First Nations want court to order judicial review of outlet projects in Manitoba

·2 min read

WINNIPEG — A group of First Nations in Manitoba is in court asking for a judicial review related to ongoing work on a multimillion-dollar flood protection project.

The Interlake Reserves Tribal Council, which includes six communities in the province's Interlake region, says the province has failed to thoroughly consult on a portion of the Lake Manitoba and Lake St. Martin outlet channels project.

The $540-million project is aimed at preventing a repeat of extensive flooding that forced thousands from their homes in First Nations communities in 2011.

The First Nations say the province issued a permit to start clearing a 23-kilometre-long portion of Crown lands to start building an all-season road in 2019 without advising nearby communities.

Lawyers for Manitoba argue the province has started consultations and the permit was not related to the overall project.

The tribal council is before Court of Queen's Bench asking that the decision allowing the access road permit be reconsidered.

The council also wants the court to evaluate the province's duty to consult before issuing permits that allow Crown land to be cleared.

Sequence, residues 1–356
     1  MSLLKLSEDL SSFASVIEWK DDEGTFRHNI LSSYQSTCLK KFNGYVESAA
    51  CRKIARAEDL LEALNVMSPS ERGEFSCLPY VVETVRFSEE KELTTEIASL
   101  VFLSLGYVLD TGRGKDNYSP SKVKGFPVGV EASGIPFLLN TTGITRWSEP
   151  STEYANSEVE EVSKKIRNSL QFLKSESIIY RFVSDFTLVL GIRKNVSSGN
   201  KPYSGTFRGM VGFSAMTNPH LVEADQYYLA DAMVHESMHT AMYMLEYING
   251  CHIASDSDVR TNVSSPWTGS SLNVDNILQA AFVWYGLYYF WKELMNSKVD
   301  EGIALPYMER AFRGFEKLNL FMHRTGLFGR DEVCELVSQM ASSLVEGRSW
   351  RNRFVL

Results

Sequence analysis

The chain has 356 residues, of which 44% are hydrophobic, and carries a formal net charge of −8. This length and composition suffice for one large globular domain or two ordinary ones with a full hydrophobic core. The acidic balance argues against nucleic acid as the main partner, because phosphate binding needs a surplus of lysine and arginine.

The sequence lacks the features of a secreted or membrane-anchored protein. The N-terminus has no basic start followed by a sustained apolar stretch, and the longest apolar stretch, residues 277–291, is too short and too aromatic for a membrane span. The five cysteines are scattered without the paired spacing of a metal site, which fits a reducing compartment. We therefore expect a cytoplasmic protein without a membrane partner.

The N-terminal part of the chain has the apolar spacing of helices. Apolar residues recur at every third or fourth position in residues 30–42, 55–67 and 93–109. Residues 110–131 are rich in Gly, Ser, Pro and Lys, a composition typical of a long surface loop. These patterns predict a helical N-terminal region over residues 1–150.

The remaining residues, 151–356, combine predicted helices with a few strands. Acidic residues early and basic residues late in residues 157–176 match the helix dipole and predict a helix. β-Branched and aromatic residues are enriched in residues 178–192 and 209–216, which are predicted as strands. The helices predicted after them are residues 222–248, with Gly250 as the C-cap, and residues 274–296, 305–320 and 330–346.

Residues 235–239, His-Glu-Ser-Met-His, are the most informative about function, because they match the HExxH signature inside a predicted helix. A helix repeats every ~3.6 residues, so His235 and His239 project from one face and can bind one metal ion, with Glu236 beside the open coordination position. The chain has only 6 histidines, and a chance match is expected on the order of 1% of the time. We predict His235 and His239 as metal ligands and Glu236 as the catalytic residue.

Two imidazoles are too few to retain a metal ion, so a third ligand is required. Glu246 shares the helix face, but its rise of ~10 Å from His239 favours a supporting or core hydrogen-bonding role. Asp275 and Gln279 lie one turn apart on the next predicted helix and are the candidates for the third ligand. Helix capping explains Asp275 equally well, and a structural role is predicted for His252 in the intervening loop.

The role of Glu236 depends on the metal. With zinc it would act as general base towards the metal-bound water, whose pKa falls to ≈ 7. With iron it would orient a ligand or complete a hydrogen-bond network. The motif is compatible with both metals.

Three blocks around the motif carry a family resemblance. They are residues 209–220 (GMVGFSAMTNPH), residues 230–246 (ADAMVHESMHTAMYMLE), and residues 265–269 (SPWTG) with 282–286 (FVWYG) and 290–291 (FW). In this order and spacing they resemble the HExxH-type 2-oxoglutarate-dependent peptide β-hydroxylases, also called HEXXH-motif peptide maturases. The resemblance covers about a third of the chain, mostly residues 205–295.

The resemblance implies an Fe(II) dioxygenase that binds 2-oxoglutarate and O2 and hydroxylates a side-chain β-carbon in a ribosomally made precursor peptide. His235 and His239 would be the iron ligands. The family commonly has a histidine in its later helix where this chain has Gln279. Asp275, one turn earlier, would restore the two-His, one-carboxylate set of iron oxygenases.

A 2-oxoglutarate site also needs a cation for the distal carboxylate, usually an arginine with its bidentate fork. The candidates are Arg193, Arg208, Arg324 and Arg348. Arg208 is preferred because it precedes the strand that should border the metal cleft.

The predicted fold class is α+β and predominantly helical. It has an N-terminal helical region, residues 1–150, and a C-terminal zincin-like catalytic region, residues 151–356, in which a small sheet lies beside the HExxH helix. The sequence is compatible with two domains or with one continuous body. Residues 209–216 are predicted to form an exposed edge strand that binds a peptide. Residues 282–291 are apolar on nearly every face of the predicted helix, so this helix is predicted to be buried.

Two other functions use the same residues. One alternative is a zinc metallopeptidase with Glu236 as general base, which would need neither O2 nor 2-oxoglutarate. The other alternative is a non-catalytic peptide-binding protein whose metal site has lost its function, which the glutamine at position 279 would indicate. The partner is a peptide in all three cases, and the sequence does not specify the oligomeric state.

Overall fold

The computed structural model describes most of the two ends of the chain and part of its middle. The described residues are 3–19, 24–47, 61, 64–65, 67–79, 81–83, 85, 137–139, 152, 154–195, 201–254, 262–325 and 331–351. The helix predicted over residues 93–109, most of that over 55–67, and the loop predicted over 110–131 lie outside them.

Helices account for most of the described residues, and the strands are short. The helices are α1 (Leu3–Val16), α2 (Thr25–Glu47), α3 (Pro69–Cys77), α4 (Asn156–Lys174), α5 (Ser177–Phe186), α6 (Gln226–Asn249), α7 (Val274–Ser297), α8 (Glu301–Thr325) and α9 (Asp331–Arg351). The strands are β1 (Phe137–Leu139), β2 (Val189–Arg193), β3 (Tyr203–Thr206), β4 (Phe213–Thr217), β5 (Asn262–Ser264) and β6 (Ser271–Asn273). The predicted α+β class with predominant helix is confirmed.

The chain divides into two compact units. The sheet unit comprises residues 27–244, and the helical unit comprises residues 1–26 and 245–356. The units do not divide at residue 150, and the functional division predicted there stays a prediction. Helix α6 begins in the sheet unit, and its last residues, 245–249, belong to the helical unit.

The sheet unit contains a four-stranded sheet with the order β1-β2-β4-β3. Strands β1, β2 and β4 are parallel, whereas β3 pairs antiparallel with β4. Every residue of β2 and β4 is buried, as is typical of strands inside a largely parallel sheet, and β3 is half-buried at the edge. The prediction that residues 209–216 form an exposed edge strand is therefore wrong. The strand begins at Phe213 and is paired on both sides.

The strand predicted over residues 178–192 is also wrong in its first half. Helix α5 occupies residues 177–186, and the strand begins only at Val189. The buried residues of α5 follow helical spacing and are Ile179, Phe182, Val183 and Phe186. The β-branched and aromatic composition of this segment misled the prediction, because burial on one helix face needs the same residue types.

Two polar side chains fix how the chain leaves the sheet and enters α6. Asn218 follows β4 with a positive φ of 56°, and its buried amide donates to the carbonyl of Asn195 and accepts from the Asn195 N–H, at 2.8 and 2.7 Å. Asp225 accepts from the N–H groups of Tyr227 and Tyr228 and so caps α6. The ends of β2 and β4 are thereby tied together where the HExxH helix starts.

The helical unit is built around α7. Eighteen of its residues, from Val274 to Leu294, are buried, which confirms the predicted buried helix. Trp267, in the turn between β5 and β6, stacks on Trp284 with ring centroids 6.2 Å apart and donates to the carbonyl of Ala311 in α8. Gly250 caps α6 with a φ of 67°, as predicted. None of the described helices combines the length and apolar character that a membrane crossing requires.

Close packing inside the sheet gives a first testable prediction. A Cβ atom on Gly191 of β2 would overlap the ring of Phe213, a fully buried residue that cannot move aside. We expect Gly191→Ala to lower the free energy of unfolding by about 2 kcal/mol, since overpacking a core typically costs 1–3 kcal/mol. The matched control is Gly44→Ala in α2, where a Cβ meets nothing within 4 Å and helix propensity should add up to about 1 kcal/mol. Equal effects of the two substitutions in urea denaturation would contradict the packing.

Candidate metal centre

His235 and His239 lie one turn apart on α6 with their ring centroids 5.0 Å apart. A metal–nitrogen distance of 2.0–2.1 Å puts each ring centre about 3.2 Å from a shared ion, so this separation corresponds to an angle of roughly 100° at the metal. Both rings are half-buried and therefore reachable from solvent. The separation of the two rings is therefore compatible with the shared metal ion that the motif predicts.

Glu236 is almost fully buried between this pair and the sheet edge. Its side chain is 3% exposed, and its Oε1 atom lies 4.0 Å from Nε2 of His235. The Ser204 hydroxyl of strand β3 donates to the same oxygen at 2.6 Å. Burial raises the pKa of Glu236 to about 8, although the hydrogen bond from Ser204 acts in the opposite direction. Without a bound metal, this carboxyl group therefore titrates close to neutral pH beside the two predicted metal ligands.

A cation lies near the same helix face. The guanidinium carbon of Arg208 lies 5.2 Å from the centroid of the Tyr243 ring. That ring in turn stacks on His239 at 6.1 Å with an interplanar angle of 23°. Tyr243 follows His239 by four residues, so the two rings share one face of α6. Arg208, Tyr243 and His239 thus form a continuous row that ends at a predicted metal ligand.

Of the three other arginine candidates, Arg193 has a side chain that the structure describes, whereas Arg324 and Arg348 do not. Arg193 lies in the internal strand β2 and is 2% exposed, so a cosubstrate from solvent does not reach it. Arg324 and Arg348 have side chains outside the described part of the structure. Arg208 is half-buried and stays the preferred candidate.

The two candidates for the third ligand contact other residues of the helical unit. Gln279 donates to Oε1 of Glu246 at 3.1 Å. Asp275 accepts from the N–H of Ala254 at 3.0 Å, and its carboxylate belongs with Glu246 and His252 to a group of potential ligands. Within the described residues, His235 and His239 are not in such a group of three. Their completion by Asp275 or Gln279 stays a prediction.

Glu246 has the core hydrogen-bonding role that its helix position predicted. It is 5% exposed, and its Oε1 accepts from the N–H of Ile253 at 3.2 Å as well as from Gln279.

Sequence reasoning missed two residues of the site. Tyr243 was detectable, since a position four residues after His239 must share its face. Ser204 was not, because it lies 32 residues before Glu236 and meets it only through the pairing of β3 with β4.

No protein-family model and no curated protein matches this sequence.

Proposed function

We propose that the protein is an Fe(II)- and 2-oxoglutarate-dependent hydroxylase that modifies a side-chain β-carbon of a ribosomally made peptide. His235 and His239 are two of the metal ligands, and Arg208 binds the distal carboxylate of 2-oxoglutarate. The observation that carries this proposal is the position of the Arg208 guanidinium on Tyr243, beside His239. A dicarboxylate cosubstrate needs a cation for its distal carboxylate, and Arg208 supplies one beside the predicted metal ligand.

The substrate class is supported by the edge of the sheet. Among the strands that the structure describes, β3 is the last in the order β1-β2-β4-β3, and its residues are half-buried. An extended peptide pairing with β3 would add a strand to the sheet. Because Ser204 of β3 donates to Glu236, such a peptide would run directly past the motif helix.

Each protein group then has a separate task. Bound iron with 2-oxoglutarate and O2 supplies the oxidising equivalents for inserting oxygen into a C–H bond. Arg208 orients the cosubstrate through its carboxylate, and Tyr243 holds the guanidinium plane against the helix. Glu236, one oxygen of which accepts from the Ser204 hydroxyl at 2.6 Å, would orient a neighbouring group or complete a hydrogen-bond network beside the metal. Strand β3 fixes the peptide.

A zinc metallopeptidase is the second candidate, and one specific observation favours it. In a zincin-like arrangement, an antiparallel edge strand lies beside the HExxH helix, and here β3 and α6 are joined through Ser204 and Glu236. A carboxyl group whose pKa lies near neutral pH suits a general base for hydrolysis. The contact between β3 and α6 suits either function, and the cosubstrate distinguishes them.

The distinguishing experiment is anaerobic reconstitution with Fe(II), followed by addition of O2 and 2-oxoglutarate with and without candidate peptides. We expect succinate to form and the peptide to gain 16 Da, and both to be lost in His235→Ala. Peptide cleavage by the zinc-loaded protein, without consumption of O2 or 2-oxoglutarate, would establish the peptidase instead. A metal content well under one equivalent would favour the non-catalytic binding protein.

"Manitoba didn't even turn its mind to whether it had a duty to consult before clearing Crown land," Meaghan Conroy, one of the lawyer's for the tribal council, said Monday during submissions.

There were no discussions about clearing land when consultations began between the province and the communities involved, said Conroy.

Some of the First Nations were surprised to find workers going ahead with construction in January 2019, she said.

Lawyers for the province say notice was provided before the permit work took place to two of the First Nations that would be affected.

"There's no evidence of a systemic practice from Manitoba for not consulting on permits," said Sean Sutherland.

The First Nations have expressed concerns about the impact the project will have on the area's fishing industry and traditional lands.

The project has yet to be approved as environmental regulators in Ottawa have questioned whether the government has done enough to address the communities' concerns.

This report by The Canadian Press was first published Nov. 8, 2021.

Brittany Hobson, The Canadian Press

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